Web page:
By Bakary J. Janneh
As Gambians gear up for presidential elections in December 2021, the peace and stability of this country should not be jeopardized by any threats of violence that could come from any of the so-called political parties in their struggle to occupy State House.
Under no circumstances must we Gambians allow ourselves to be used by any institution, be it political parties, civil society groups or any of the international organizations and foreign states to influence us to confront each other for the interest of the few. That will certainly not be in the national interest and we should not allow ourselves to be perpetrators against each other and eventually become victims.
The peaceful co-existence among Gambians and our deep-rooted cultural norms and values should be masterminded by our blood relations, which is highly esteemed and we should always look forward to it so as to enable us to live in peace, harmony and tranquility within our communities and societies.
However, post-election violence has sadly become the epicenter within the regional block of the Economic Communities of West African States (ECOWAS) in the past few years. The Gambia has not been an exception to that because of the experience we went through during the political impasse after the 2016 presidential elections. Similar situations have recently occurred in Mali, Guinea Conakry as well as Ghana, which resulted in casualties and serious injuries among the populace.
Each and every Gambian, irrespective of political affiliation, should stand to be patriotic to ensure that peace continues to reign in this country at all times. It would be quite unfortunate if we should allow our peaceful country being seen on the front pages of newspapers reporting about conflict because of politics. We should ensure that we would be able to address anything that may come on our way without resorting to violence.
The history of post-electoral politics generally happening in Africa has not been quite auspicious. It has always been a source of catastrophic pandemonium, unrestrained resentments, irrational action and political instability all in the name of selfish interests of the few who, whenever they assume office, refuse to listen to their people.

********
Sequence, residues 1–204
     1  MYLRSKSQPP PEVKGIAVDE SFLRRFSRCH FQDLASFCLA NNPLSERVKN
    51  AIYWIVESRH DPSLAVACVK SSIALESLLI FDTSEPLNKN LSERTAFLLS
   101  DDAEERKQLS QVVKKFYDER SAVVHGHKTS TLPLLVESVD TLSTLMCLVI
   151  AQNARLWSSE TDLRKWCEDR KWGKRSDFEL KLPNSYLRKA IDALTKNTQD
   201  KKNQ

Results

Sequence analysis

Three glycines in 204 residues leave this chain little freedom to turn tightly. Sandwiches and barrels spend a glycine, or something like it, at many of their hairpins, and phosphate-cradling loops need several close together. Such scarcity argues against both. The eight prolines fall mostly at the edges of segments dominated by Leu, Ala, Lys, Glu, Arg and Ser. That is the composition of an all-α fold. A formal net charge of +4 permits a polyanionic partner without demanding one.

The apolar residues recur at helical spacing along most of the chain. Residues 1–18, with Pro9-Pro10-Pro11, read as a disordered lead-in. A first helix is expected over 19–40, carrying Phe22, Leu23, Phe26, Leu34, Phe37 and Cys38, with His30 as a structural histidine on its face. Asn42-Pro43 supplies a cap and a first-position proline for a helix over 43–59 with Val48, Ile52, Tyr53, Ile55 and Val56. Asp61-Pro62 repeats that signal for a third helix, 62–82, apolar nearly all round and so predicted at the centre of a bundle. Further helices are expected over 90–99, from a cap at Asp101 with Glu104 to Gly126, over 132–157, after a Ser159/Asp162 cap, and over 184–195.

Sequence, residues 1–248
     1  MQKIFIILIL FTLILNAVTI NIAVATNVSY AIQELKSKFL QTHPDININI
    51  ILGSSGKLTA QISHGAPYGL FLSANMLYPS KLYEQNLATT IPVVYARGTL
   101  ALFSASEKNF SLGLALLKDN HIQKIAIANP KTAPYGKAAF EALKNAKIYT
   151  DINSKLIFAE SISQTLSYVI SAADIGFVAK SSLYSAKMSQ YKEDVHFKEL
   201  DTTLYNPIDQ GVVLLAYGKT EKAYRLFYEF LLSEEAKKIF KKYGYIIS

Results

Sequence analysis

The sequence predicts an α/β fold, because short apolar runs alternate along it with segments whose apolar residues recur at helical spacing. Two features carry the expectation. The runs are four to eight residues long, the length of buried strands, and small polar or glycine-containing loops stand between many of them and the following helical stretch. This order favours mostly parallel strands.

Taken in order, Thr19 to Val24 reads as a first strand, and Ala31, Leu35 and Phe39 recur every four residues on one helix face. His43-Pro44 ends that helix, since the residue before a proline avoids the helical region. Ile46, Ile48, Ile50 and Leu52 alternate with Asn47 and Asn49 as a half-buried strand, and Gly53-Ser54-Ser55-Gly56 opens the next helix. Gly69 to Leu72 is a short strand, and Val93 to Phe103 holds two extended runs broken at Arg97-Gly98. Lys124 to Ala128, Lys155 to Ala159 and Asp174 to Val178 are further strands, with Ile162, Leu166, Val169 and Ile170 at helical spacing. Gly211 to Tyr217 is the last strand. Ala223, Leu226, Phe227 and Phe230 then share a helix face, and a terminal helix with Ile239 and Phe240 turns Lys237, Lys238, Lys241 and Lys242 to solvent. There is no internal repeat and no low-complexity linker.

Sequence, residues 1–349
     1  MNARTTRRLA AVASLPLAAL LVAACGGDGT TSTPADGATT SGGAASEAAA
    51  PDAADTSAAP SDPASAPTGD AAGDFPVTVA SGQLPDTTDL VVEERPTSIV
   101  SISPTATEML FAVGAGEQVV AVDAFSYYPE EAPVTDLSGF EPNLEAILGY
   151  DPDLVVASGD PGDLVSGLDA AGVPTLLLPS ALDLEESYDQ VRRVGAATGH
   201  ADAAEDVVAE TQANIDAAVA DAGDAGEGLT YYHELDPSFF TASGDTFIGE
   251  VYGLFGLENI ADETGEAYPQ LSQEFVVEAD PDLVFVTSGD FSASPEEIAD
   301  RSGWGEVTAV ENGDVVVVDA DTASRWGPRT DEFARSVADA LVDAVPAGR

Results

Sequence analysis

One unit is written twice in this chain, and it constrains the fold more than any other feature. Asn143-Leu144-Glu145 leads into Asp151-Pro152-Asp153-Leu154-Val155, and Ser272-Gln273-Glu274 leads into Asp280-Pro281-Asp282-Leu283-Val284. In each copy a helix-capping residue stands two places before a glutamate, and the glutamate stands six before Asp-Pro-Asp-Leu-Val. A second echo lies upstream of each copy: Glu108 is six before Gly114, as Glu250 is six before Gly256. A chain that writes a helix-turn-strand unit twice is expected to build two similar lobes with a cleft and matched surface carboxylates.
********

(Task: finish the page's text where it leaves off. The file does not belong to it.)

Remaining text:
The post-electoral uprisings that erupted from Nairobi in Kenya to Harare in Zimbabwe, as well as to the rural areas of those countries had exposed tribal sentiments that had long festered in those countries. Just as other societies were beginning to enjoy the vestiges of true democracy, thousands of others were being killed or displaced by senseless political violence. This is a clear example why the people of the Gambia should ensure that peace and stability continue to reign in this country. There should be no violation of morality or decency of the people, provoking indignation, and transgression to any limit should not be entertained by anyone
In this contemporary world, elections are held in virtually all the countries, which generally aims to allow for peaceful transfer of power, based on the decision of the majority, but elections held outside of consolidated democracies are often accompanied by substantial violence.
Electoral violence can result in casualty tolls that meet the threshold of civil war within days or weeks, and when this occurs, it can undo years of peace building and development work. It can also undermine democratic institutions, and even trigger civil war. For example, the post-election violence after the presidential polls in Côte d’Ivoire in 2010 led to the deaths of thousands civilians, with thousands of others being internally displaced while several others sought refuge in neighboring countries.
While there is desperation from diverse angles to take control of the State House of the Gambia during the forthcoming presidential elections, but on no account should Gambians allow themselves to be used as tools for the political gains of anyone through violence. We should all be a true reflection of our National Anthem and we should follow its message to the letter.